Ancient DNA is DNA isolated from ancient specimens. It can be also loosely described as any DNA recovered from biological samples that have not been preserved specifically for later DNA analyses. Examples include the analysis of DNA recovered from archaeological and historical skeletal material, mummified tissues, archival collections of non-frozen medical specimens, preserved plant remains, ice and permafrost cores, Holocene plankton in marine and lake sediments, and so on. Unlike modern genetic analyses, ancient DNA studies are characterized by low quality DNA.
This places limits on what analyses can achieve. Furthermore, due to degradation of the DNA molecules, a process which correlates loosely with factors such as time, temperature, and presence of free water, upper limits exist beyond which no DNA is deemed likely to survive. Allentoft et al (2012) tried to calculate this limit by studying the decay of mitochondrial and nuclear DNA in Moa bones. The DNA degrades in an exponential decay process. According to their model, mitochondrial DNA is degraded to 1 base pair after 6,830,000 years at -5°C. Nuclear DNA degrades at least twice as fast as mtDNA. As such, early studies that reported recovery of much older DNA, for example from Cretaceous dinosaur remains, may have stemmed from contamination of the sample. Read more ...
DNA Study Reveals Genetic History of Europe Sci-News - April 24, 2014
An international team of scientists has used ancient DNA recovered from human remains dating from up to 5,500 BC to reconstruct the first detailed genetic history of modern Europe. The research reveals a dramatic series of events including major migrations from both Western Europe and Eurasia, and signs of an unexplained genetic turnover about 4,000-5,000 years ago. The team used DNA extracted from bone and teeth samples from prehistoric human skeletons to sequence a group of maternal genetic lineages that are now carried by up to 45 per cent of Europeans. They established that the genetic foundations for modern Europe were only established in the Mid-Neolithic, after this major genetic transition around 4,000 years ago. This genetic diversity was then modified further by a series of incoming and expanding cultures from Iberia and Eastern Europe through the Late Neolithic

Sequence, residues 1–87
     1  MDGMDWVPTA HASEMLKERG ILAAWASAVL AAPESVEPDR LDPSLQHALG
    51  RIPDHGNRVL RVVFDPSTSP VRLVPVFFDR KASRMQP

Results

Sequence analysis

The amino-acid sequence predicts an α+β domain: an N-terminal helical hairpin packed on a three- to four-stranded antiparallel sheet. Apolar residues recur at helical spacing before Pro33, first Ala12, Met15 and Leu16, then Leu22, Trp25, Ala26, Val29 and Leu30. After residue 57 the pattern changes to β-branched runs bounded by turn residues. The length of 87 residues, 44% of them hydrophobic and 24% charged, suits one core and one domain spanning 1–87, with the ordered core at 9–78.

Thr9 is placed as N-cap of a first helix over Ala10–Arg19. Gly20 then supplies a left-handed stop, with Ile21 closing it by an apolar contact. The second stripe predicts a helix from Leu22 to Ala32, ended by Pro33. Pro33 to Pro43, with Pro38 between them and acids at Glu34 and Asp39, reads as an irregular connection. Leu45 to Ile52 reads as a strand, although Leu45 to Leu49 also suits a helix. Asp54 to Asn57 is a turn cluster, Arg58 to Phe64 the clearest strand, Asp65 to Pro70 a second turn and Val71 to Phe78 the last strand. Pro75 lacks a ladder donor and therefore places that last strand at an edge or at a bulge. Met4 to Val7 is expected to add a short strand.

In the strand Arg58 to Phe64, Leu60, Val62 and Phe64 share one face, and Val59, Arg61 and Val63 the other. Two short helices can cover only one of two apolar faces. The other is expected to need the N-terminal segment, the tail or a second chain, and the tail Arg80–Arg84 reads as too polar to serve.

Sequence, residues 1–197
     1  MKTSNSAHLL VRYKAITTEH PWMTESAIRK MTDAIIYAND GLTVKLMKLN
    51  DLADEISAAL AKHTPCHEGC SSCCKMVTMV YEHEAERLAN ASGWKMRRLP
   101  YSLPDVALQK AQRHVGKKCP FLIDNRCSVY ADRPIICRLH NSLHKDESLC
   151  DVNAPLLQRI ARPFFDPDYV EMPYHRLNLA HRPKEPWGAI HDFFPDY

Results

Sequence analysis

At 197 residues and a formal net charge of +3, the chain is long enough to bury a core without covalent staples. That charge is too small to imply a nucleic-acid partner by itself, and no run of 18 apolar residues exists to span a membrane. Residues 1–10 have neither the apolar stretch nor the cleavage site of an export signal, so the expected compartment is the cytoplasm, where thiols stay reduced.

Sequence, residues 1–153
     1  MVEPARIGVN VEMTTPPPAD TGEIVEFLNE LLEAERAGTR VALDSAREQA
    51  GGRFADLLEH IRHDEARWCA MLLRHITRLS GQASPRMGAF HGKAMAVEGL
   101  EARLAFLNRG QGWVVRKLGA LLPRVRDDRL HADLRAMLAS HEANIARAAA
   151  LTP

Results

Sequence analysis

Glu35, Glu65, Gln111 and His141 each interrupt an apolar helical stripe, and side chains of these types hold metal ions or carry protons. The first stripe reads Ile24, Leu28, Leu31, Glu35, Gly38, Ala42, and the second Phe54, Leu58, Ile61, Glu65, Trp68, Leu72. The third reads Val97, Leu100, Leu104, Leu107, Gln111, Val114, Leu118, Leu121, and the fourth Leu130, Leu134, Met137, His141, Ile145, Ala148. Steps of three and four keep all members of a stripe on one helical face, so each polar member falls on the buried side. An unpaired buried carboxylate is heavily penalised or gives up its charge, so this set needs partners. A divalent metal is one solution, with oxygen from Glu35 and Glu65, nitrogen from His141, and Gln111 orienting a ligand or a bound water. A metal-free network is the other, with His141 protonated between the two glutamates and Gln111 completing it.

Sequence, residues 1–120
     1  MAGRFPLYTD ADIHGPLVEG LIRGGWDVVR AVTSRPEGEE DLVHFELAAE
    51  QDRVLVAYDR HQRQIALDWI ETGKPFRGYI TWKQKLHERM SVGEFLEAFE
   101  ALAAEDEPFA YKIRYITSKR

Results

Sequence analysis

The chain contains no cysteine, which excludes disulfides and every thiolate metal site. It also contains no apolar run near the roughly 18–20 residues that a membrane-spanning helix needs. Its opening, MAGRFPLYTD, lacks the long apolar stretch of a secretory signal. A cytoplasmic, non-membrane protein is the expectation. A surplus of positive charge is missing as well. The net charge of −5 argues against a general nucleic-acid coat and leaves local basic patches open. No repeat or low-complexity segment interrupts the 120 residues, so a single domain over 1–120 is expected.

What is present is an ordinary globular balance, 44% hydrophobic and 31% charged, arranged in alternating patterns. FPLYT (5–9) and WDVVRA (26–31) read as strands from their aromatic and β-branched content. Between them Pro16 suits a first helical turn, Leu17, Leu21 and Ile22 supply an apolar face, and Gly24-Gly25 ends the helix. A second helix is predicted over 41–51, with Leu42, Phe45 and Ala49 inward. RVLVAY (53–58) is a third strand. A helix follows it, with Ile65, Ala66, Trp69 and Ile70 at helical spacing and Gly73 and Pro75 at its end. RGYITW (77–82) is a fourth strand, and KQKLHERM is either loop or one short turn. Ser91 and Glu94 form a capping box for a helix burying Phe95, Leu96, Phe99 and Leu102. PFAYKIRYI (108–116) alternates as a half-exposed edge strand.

Fossilized human feces found in Oregon cave Global Post - July 16, 2012
New fossilized DNA found in Oregon is proving that humans lived in cave dwellings as early as 14,300 years ago, the Associated Press reported. The DNA was extracted from coprolites, otherwise known as fossilized feces. Along with the coprolites, stone points were discovered in the same cave. The points found in the cave differ from those used by the Clovis people, once thought to be the first North Americas, suggesting that this tribe lived at the same time, or possibly before, the Clovis people.
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